Tuesday, June 07, 2011

Handmade Note Cards for Homemakers

Notes
by Susan Rios




Click for a larger view.

Greeting cards and note cards of quality can be  expensive. You can get a box of 8 at a dollar store, but the scene or art is not always beautiful or as perfect as you might like it. Here is a way for very busy homemakers to have cards on hand for quick replies and notes such as thank-you notes, acceptance notes, invitations to tea, or just thinking-of-you notes.




It only takes a very few supplies to make these quick and easy but bursting-with-beauty cards: a catalog, heavy papers, glue and scissors. This might be a good craft project for children when they need some kind of creative kit to spend some leisurely hours.

These are quite easy, using things you may already have.  After sending in your order for seeds and bulbs, use the beautiful catalog for clip-art. The photographs are bright and glossy and they work well for making quick cards. You might also cut out from scrap papers squares and rectangles to make backgrounds for the pictures you choose. Use any fancy pens you have to make outlines or to write the greeting on the inside.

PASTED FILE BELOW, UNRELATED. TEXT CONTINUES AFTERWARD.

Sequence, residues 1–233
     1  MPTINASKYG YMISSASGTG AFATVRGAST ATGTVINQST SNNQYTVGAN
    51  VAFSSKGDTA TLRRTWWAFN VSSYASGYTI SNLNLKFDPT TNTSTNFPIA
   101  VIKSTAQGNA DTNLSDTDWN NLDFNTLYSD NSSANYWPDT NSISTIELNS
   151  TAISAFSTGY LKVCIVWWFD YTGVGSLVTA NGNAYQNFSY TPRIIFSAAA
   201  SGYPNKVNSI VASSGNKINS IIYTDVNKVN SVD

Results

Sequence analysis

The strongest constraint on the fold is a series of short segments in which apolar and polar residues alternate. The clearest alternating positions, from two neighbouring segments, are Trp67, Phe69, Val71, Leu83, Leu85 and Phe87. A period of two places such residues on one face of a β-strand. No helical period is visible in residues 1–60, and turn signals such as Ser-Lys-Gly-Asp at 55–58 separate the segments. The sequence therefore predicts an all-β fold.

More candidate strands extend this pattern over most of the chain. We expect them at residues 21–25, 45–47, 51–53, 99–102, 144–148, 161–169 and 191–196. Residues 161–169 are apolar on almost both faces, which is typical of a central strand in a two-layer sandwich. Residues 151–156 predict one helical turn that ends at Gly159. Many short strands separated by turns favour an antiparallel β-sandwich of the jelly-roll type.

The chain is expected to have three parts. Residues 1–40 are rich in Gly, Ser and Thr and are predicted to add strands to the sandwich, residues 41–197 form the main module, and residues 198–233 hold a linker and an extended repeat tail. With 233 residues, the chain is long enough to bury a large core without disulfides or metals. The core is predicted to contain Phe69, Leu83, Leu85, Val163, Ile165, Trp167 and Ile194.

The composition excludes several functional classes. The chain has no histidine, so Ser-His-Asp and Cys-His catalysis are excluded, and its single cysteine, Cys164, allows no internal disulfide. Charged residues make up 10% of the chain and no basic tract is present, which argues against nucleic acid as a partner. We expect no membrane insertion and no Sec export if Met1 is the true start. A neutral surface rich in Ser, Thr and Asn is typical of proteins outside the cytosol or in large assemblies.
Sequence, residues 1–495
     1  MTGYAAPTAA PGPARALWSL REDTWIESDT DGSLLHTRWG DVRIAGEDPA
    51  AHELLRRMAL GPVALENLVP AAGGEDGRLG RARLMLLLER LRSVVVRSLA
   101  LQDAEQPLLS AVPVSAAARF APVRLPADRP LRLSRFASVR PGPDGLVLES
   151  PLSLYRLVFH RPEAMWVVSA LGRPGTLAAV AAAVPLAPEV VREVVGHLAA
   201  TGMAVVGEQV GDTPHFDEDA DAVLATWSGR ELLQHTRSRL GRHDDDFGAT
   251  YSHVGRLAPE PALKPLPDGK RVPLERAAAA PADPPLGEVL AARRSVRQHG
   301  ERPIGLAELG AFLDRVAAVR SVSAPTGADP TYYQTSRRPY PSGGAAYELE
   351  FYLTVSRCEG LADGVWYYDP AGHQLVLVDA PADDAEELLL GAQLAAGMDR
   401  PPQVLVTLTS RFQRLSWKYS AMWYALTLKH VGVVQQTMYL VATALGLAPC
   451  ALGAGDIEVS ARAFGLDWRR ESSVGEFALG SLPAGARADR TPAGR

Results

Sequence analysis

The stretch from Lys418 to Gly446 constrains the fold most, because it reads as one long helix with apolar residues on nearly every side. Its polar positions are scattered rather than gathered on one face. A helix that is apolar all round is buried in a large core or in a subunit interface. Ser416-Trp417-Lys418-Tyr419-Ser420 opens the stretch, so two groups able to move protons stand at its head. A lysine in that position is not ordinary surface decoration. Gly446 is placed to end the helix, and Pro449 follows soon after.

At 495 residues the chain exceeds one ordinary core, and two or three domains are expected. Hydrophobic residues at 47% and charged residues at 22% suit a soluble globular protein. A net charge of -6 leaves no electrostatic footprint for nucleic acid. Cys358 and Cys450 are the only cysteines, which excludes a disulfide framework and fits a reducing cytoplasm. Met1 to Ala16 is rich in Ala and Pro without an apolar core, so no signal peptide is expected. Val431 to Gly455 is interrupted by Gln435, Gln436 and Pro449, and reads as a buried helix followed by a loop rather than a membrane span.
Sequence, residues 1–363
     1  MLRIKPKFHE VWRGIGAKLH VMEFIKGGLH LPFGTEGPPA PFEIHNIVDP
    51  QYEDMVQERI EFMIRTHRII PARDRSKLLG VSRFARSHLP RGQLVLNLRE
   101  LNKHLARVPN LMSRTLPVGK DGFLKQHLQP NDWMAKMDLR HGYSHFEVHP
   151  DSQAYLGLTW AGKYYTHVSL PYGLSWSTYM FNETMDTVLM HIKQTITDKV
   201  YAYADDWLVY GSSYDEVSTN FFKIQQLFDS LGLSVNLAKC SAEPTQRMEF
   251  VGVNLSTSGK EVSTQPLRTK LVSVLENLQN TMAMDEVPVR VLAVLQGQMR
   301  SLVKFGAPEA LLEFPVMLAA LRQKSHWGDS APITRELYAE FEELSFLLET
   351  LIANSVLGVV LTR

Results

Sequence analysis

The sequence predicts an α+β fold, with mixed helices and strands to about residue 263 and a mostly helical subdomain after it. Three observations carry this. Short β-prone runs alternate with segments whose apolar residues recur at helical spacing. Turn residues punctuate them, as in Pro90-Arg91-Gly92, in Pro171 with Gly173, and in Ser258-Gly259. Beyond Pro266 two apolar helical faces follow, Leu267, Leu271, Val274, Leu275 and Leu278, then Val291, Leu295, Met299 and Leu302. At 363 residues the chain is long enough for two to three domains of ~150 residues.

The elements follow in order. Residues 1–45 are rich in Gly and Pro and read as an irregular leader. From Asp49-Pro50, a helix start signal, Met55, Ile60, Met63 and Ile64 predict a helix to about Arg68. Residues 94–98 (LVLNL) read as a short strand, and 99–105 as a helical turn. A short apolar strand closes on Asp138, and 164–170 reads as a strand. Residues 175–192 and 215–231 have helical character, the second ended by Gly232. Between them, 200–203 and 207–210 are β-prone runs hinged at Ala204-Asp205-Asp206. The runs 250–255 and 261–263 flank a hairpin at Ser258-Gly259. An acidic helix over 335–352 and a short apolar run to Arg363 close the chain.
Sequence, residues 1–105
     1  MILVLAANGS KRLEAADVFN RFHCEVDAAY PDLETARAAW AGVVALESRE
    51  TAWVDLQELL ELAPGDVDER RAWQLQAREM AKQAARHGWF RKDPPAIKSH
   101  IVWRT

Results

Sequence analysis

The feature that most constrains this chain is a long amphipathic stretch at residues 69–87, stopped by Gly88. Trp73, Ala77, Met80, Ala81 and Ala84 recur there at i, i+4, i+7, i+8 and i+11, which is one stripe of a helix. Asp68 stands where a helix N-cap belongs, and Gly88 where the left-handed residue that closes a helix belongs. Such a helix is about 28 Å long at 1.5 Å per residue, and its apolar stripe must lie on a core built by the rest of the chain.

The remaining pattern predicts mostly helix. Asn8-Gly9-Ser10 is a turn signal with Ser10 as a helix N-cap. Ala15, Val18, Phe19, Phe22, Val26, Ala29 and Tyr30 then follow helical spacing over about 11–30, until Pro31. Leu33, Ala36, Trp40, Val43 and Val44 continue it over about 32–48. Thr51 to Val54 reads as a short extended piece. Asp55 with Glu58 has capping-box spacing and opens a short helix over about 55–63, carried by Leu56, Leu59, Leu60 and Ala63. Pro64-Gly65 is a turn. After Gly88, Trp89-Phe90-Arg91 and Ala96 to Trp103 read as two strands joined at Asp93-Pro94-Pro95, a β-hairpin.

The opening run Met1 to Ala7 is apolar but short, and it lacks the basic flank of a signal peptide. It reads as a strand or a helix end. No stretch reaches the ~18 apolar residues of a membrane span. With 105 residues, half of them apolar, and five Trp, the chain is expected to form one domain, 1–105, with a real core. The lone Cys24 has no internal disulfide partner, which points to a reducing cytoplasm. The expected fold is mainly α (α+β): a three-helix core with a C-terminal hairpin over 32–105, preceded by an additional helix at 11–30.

Seed catalogs have beautiful photographs suitable for making cards.


Find the pictures you really like and cut them out. In this flower catalog, the pictures are free of the catalog numbers (A, B, C, D etc) making them ideal for lovely cards.


Collect the materials: clipped pictures from catalogs, background pieces made from punched paper*, and folded blank cards, which you make yourself from card stock or paper.



Get the card ready by cutting a piece of card stock or heavy paper (or just paper) in half.

 Fold each half in half again to make two cards.

 The paper here is the same size as printer paper, 8 and 1/2 inch by 11 inches. 

 Each cut piece is 4 and 1/4 inch by 5 inches.